Remember well going into Heraklion (Crete) on a beautiful summers day. ATC working like a one armed paper hanger coordinating the inbound and outbounds (same departure/arrival track). In the middle of the RT mayhem DanAir asks for the QFE - exasperated Greek controller replies - "Danair the QFE is five millibars less than the QNH!!"

Captain Stable
16th Jun 2003, 21:30
Actually ffb, you will find (try reading back through the thread) that most Brits prefer QNH, and that it is the Americans and various other countries where QFE is preferred - generally for vaey good reasons, and nothing to do with insularity at all.

fireflybob
16th Jun 2003, 23:00
Captain Stable, well, yes I got carried a way with the vernacular there but it's the Brits Military and civil flying schools that mostly (in the UK) go down the QFE route.

I agree though that most Air Transport Operators (in the UK, anyway) use QNH. The DanAir story which I related took place at a time when most UK operators were still using QFE.

Genghis the Engineer
16th Jun 2003, 23:30
I agree with Bob, QFE is a useful term in most aspects of light aviation operations in a relatively low-lying country - but not necessarily so for air transport operations, or where threshold elevations are routinely more than around 1500 ft amsl.

I suspect the British preference for QFE is because we have no airfields above 1000ft amsl - so we can get away with it !

G

TR4A
17th Jun 2003, 02:32
Actually ffb, you will find (try reading back through the thread) that most Brits prefer QNH, and that it is the Americans and various other countries where QFE is preferred - generally for very good reasons, and nothing to do with insularity at all.

The only "Americans" that I know of was American Airlines. They stopped using QFE a couple of years ago.

Notso Fantastic
17th Jun 2003, 03:53
Big Airways now never touches QFE. I remember going into Addis Ababa in the old days trying to wind 8,000' worth of subscale setting on for QFE. It took each pilot out for several minutes. What is it good for? When you are in the circuit, you want to know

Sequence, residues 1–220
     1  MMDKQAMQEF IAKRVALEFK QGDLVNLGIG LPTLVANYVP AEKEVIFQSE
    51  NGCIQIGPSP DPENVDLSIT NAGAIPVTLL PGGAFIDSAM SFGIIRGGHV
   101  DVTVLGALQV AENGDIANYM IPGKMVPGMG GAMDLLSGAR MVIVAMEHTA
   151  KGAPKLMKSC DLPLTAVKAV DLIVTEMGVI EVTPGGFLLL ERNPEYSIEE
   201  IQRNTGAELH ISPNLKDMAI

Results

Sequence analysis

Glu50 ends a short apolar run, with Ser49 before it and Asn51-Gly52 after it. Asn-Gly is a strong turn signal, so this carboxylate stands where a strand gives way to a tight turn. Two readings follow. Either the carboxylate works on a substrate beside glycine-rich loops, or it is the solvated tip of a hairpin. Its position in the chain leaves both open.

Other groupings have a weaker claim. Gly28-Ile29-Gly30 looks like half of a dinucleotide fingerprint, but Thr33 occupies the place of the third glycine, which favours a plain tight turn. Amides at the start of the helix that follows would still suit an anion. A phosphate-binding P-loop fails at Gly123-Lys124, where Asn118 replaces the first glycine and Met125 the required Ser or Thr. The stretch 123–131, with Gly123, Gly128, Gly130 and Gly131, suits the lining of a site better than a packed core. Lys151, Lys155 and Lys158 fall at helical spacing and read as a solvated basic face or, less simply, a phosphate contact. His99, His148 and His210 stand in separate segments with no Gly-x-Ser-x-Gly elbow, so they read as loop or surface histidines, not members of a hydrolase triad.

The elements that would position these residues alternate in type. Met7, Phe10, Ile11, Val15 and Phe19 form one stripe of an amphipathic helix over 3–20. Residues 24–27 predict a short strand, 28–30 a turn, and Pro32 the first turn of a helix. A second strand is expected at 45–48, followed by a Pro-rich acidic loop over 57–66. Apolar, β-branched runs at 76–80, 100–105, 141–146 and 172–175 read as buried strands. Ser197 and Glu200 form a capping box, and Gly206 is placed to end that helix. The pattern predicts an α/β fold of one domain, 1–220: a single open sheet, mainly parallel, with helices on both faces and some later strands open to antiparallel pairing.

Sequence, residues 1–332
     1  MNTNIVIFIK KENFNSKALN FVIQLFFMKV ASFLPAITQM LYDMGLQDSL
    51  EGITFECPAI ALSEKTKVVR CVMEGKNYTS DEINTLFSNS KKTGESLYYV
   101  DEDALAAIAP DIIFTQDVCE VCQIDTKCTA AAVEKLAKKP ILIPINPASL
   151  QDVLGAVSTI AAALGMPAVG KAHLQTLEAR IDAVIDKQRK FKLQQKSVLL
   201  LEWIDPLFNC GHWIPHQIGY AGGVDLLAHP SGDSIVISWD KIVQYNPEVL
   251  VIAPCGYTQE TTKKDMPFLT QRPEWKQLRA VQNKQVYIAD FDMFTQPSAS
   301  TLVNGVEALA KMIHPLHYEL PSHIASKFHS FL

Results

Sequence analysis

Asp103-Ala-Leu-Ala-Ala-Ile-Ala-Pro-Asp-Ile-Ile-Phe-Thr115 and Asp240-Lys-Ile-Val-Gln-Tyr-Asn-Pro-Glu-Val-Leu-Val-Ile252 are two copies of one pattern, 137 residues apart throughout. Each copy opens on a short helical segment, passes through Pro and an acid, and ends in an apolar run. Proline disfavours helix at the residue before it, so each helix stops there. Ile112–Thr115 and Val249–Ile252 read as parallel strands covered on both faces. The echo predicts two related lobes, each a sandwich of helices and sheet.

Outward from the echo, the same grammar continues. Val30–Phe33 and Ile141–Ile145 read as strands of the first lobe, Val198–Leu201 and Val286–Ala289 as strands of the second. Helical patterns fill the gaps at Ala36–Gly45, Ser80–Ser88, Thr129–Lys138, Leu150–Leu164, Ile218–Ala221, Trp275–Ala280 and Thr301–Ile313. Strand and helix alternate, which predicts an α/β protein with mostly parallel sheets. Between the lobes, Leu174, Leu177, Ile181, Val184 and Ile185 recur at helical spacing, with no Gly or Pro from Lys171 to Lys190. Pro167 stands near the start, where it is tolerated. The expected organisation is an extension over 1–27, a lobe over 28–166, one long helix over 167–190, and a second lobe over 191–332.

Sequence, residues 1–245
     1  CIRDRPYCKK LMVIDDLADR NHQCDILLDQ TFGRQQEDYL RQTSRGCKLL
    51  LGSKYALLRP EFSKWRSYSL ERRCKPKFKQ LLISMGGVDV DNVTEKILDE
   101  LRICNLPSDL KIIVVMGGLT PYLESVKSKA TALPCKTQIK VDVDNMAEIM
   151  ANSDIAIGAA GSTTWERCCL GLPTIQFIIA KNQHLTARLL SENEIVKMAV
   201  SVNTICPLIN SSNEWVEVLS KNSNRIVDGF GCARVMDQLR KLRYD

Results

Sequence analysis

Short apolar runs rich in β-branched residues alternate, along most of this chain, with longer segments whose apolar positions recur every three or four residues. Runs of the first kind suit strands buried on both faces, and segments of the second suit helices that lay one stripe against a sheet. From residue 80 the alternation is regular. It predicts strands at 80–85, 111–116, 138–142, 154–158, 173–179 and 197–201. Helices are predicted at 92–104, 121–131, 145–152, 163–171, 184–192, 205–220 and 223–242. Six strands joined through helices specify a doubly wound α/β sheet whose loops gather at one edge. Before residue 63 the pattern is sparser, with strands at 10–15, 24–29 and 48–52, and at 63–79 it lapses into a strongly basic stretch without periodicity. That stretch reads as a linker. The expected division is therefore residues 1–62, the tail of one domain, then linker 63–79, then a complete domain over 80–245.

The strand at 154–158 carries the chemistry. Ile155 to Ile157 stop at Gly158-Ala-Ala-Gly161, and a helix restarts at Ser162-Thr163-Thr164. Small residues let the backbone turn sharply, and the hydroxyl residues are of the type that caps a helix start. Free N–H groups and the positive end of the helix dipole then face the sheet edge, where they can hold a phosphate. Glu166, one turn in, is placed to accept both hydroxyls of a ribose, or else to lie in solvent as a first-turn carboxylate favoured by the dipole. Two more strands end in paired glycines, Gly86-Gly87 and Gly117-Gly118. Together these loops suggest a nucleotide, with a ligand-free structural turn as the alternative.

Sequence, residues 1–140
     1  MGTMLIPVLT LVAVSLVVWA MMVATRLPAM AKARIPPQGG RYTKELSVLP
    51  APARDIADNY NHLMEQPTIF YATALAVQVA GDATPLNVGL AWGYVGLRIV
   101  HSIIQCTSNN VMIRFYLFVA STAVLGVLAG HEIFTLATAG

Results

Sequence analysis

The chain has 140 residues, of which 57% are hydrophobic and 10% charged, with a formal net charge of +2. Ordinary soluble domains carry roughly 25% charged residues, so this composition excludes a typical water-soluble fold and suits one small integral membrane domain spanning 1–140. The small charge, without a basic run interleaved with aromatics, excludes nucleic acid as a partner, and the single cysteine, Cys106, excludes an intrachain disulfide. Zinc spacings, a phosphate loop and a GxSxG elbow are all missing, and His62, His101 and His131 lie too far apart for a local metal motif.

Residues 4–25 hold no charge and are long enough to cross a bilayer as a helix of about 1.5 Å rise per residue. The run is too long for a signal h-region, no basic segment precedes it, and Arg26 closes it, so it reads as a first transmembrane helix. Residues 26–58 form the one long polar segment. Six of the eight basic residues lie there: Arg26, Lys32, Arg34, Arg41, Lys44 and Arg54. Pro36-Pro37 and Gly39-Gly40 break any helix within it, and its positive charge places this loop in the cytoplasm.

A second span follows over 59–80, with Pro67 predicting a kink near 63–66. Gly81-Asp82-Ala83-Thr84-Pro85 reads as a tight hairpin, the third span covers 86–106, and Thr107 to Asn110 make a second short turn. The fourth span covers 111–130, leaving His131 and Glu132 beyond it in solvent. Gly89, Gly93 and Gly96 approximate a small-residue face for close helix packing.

1-how high you are (amsl)
2-how high the terrain is (amsl)
3-how high the airfield is (amsl)

Armed with that lot, you've cracked it. Wander out of the circuit with an altimeter set to QFE and it isn't really telling you much anymore. QFE should be banned- there is no place for it in modern aviation.

reynoldsno1
17th Jun 2003, 05:53
As previously mentioned, QFE is not very useful at higher elevations and can be a distraction. I believe UK manufactured altimeters actually have a wider pressure subscale range than US manufactured instruments

Genghis the Engineer
17th Jun 2003, 20:49
I have a German made altimeter (broken) in use as a paperweight whose subscale goes down to 750hPa ! That should be good to about 7000 ft.

Incidentally I once had occasion to file an airprox, which was flying nonradio in a little puddlejumper just-off the West Scottish coast. I listed my altitude at 900 ft QNH. A few weeks later I had a call from the Airprox board, and the conversation went something like this...

"You list your altitude as 900ft QNH"
"That's correct"
"What setting did you have on your altimeter"
"I don't know, I didn't take a note of it".
"Then how do you know it was set to QNH?"
"Because I set it to zero just before taking off from the beach halfway between the low and high tide marks".

<long pause>

"Err, there may be something wrong with that, but I'm not sure - I'll get back to you".

And he never did :O

G